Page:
The matching is accomplished using a simple but effective approach referred to as a "two-peg pattern matcher". Two reference stars, well separated in-scan and well away from the scan edges, are selected as the "reference pegs". The task of the matcher is to find the corresponding pair of 2MASS extractions which will be referred to as "extraction pegs". All extractions within an uncertainty radius of each of the reference pegs are candidates for the extraction pegs. The pattern matcher walks through the possible pairs of candidate extraction pegs and performs a linear transformation (2 translation, 1 rotation and 1 scale [in-scan only]) to force the selected candidate extraction pegs to the reference pegs. The attempt is scored based on how many additional matches (<3") result from that transformation. For a correct selection of extraction pegs, the additional match count jumps far above the random match level. In the rare event that no pattern match is found among the extraction peg candidates, the algorithm selects new reference pegs and repeats. This technique is efficient for several reasons. Extraction peg candidates are prioritized based on magnitude and radial distance from the reference pegs. Once a pattern match is found the search can stop. The absolute pointing of the 2MASS telescopes is excellent, so the a priori positions are usually within about 10 arc-seconds. Once a pattern match is obtained, a 5 parameter linear transformation ( 2 translation, 1 rotation, 2 scale) is fitted using all 2MASS/reference matches. Using that transformation the reference stars can now be placed in the U-scan system.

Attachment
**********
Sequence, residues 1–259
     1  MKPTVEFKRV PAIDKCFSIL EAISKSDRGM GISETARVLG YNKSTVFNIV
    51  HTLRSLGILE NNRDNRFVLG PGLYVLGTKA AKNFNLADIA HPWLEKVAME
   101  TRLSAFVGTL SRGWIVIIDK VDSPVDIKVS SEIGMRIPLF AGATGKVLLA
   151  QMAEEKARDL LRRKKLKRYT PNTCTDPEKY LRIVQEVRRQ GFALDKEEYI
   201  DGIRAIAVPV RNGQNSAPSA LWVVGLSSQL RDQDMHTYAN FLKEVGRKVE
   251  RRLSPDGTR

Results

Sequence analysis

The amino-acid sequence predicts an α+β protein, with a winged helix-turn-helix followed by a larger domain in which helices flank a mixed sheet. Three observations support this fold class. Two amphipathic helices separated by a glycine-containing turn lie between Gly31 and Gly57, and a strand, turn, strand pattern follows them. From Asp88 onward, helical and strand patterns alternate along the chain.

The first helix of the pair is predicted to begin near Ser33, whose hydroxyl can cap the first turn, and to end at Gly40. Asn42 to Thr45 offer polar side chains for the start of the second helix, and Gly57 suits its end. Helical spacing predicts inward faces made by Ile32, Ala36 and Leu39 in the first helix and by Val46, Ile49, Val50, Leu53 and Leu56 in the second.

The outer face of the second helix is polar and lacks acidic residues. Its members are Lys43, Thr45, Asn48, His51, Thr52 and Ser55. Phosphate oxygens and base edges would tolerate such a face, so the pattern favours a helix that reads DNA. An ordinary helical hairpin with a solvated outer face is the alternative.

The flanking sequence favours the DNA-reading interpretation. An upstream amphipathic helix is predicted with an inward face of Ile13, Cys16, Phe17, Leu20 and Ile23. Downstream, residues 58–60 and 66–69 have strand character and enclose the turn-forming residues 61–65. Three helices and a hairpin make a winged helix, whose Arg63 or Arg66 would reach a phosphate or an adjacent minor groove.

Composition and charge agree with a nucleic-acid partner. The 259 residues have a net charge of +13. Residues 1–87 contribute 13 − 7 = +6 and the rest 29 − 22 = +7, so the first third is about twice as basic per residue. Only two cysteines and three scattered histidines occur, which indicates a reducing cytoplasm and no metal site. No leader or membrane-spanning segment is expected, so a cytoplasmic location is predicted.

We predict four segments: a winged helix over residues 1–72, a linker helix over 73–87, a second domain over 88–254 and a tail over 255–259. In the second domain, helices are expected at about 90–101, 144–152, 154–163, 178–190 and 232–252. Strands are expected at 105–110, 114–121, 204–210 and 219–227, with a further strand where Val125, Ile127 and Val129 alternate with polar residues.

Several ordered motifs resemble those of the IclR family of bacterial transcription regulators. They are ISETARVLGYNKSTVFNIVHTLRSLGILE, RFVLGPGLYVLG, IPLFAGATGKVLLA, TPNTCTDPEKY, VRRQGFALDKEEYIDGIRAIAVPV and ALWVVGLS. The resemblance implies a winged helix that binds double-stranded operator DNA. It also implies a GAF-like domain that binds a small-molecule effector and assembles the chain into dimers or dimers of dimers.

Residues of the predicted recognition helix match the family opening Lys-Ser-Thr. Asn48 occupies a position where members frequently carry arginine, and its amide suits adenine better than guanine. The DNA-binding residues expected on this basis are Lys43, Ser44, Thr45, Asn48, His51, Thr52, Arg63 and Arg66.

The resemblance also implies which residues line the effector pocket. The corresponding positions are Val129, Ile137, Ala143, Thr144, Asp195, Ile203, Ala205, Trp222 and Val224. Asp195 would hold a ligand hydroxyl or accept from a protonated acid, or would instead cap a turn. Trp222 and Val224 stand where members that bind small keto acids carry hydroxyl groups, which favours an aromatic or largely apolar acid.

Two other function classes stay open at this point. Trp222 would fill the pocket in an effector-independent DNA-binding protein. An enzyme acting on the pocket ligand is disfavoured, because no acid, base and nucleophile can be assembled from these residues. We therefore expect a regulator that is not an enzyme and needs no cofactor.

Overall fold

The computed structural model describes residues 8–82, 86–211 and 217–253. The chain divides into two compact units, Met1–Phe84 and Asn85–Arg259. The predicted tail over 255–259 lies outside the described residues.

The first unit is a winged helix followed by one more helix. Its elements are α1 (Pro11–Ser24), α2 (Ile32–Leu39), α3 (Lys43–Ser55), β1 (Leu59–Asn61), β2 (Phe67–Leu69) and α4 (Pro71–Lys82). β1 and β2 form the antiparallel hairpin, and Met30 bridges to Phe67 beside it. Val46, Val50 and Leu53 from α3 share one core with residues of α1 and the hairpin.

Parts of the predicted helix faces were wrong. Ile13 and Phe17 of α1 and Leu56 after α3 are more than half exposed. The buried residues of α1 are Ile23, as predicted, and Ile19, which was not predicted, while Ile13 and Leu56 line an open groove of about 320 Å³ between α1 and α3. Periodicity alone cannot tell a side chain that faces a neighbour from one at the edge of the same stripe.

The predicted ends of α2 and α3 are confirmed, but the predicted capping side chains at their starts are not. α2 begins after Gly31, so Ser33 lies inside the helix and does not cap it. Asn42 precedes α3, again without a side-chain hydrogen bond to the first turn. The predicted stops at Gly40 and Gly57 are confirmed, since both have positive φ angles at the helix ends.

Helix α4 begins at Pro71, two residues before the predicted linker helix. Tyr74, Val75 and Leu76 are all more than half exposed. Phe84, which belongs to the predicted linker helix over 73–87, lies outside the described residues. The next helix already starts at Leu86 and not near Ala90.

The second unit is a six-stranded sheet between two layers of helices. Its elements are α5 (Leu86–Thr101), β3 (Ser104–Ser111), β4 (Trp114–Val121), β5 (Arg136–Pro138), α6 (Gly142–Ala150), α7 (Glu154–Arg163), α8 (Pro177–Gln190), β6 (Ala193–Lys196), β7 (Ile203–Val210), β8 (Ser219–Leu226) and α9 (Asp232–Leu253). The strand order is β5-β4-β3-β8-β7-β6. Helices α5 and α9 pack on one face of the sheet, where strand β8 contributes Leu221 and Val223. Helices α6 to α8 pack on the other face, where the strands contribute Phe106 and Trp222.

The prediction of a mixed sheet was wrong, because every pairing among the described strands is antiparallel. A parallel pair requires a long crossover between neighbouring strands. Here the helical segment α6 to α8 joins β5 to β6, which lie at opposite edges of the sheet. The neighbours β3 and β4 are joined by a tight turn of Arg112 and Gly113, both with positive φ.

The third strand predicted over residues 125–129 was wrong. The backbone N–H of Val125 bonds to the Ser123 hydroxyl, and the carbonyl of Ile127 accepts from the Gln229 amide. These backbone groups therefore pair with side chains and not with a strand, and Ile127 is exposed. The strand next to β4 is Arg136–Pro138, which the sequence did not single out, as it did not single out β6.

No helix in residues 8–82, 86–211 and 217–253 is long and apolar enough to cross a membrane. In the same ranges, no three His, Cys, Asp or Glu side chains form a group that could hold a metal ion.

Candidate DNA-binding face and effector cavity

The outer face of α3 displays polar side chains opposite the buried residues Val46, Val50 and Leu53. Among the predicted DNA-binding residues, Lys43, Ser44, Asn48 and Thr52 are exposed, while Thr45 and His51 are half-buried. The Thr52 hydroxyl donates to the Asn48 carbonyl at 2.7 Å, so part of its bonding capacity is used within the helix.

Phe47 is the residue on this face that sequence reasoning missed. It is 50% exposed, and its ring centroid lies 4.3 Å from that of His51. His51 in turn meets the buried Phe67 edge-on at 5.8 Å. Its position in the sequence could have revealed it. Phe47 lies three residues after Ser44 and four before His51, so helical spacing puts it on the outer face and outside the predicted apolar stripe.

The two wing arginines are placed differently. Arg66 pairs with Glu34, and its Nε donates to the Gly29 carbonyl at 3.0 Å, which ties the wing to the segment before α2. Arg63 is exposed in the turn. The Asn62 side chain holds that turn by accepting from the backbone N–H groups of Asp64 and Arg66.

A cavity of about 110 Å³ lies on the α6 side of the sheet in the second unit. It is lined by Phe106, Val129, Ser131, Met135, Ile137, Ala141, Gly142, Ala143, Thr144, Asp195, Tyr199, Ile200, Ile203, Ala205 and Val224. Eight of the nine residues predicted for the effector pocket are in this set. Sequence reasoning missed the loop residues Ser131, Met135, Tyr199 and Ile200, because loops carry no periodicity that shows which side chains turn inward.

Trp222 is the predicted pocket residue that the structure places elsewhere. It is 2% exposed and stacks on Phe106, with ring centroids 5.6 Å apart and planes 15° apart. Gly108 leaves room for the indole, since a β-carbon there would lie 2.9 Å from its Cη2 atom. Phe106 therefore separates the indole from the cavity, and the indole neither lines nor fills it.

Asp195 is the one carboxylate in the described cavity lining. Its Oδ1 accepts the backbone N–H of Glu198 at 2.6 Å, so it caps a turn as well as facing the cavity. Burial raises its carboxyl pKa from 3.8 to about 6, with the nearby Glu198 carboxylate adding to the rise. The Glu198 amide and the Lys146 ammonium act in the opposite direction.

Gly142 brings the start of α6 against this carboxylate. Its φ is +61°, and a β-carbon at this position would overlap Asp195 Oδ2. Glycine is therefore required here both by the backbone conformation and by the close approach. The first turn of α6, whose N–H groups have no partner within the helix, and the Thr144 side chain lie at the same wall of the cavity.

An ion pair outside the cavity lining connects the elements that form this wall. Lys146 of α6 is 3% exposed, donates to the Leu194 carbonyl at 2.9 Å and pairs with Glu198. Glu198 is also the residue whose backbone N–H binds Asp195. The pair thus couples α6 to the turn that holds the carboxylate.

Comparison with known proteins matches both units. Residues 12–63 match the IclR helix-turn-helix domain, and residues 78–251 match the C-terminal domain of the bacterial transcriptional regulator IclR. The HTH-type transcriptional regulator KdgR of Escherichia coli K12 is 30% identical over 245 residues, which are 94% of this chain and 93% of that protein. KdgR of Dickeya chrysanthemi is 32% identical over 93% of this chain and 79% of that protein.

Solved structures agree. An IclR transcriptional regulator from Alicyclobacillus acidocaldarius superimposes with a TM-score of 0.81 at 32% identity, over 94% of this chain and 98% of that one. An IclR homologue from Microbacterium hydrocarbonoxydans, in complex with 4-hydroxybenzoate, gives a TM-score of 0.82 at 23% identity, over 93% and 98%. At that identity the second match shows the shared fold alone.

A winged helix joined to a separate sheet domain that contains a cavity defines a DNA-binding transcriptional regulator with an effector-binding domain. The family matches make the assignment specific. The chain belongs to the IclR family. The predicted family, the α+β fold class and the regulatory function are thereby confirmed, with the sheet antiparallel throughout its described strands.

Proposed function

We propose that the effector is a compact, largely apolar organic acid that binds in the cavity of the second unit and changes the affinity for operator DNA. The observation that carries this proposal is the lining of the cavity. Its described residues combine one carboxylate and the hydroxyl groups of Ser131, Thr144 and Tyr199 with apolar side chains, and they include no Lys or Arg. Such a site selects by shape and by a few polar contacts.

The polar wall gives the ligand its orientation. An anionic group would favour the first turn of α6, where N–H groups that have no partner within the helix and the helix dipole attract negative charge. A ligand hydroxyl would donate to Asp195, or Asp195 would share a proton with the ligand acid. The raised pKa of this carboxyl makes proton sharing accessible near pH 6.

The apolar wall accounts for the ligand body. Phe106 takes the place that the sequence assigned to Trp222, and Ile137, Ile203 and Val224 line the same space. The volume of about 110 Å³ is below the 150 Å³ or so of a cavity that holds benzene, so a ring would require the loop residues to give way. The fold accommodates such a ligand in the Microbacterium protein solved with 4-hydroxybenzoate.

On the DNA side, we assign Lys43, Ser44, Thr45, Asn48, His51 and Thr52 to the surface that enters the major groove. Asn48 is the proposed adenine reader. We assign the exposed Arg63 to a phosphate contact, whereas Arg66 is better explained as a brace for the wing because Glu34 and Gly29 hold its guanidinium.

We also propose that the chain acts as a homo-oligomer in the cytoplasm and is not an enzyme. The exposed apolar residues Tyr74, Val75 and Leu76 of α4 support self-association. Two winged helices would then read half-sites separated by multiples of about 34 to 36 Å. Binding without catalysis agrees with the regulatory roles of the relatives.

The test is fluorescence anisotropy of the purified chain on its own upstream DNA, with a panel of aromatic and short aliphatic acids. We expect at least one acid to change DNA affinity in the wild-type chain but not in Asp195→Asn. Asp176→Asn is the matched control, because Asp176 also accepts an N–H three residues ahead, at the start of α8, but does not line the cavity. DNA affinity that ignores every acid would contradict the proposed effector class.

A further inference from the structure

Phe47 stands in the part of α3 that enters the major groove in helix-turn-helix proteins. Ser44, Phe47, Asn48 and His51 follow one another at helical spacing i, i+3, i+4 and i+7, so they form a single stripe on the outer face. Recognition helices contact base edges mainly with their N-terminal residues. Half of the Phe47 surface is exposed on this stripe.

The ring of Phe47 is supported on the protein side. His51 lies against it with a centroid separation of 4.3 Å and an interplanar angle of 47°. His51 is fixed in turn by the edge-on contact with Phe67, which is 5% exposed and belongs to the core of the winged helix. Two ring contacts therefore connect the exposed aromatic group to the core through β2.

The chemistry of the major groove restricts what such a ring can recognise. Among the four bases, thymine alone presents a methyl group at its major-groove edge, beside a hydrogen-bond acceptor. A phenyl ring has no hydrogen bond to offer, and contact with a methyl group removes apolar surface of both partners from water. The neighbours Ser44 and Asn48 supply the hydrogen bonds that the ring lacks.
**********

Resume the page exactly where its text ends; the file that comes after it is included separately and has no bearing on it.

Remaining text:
i.b. Trimming to Workable Size